From time to time reproductions of the salient features of technical and other exhibits have been published in journals, including the A. M. A. Archives of Internal Medicine. There can be no question that annual volumes do collect and preserve the highlights of the exhibits for further study and contemplation. In 1955 an effort was made to preserve in a more durable form the selection of the very extensive exhibits prepared for the national meeting of the American Medical Association. The two succeeding volumes considered here differ considerably in size, scope, and paper.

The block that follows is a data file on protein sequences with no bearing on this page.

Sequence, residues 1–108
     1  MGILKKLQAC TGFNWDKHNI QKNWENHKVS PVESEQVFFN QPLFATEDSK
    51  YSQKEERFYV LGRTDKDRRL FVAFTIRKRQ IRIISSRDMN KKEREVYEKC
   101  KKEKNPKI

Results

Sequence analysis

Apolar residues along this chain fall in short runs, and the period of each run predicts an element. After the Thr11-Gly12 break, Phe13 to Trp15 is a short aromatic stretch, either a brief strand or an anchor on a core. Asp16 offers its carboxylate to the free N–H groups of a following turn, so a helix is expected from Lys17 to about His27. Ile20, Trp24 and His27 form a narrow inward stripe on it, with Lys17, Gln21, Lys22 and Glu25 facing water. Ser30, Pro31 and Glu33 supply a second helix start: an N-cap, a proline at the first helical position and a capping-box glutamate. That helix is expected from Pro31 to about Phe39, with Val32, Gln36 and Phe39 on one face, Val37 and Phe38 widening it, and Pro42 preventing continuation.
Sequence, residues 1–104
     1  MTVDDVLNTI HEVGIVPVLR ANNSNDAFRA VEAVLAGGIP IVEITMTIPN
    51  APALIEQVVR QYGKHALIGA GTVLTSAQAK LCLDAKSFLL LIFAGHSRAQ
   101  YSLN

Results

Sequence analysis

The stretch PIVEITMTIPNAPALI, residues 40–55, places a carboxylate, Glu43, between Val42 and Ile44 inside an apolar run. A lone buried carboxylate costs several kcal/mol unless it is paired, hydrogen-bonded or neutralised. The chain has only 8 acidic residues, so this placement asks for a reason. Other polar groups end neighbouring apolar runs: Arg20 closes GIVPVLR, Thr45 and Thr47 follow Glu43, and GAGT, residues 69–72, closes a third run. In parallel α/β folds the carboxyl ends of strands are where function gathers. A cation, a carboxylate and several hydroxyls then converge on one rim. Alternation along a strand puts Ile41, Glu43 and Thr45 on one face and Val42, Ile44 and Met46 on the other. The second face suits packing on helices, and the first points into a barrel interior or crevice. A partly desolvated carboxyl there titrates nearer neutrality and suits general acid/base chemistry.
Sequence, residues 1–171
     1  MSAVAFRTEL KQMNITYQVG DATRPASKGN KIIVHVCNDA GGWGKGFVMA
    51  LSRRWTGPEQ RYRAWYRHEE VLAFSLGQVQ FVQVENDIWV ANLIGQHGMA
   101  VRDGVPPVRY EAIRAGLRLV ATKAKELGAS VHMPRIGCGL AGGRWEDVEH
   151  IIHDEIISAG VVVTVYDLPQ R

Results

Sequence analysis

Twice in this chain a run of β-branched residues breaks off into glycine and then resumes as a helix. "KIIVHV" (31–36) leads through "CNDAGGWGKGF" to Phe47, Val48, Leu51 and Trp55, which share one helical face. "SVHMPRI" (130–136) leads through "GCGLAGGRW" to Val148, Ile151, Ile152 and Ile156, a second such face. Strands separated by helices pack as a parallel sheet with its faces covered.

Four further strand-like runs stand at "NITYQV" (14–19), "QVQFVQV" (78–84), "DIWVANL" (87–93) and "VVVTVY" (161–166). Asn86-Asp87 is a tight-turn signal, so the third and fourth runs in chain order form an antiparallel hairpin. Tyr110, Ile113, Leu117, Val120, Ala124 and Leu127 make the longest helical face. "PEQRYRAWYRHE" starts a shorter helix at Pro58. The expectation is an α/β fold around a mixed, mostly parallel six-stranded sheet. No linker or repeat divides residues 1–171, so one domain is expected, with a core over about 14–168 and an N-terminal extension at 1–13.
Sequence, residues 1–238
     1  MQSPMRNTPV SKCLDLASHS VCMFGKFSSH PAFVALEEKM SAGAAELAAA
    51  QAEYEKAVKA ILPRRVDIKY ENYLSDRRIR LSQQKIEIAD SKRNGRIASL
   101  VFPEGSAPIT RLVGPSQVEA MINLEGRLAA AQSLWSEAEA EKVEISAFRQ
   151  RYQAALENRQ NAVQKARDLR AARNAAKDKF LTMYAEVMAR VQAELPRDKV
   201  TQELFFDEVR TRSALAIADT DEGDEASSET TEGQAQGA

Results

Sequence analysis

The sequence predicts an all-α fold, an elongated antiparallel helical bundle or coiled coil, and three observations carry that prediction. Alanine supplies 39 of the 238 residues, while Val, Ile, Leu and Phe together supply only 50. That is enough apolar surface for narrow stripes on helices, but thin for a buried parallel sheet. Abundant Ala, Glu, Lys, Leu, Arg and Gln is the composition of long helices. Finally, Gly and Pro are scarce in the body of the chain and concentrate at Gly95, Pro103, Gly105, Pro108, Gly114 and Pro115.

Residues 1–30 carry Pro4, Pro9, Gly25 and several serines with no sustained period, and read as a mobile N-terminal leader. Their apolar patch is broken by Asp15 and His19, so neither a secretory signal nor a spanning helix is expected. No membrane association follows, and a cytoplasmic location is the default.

There has never been a study with modern scientific methods of the value of scientific exhibits as educational tools. We hear and see a great deal these days about audiovisual aids. Empirically, slides, movies, charts, models, graphs, and tables are the traditional tools used in medicine, in science, and in education to convey certain ideas. We assume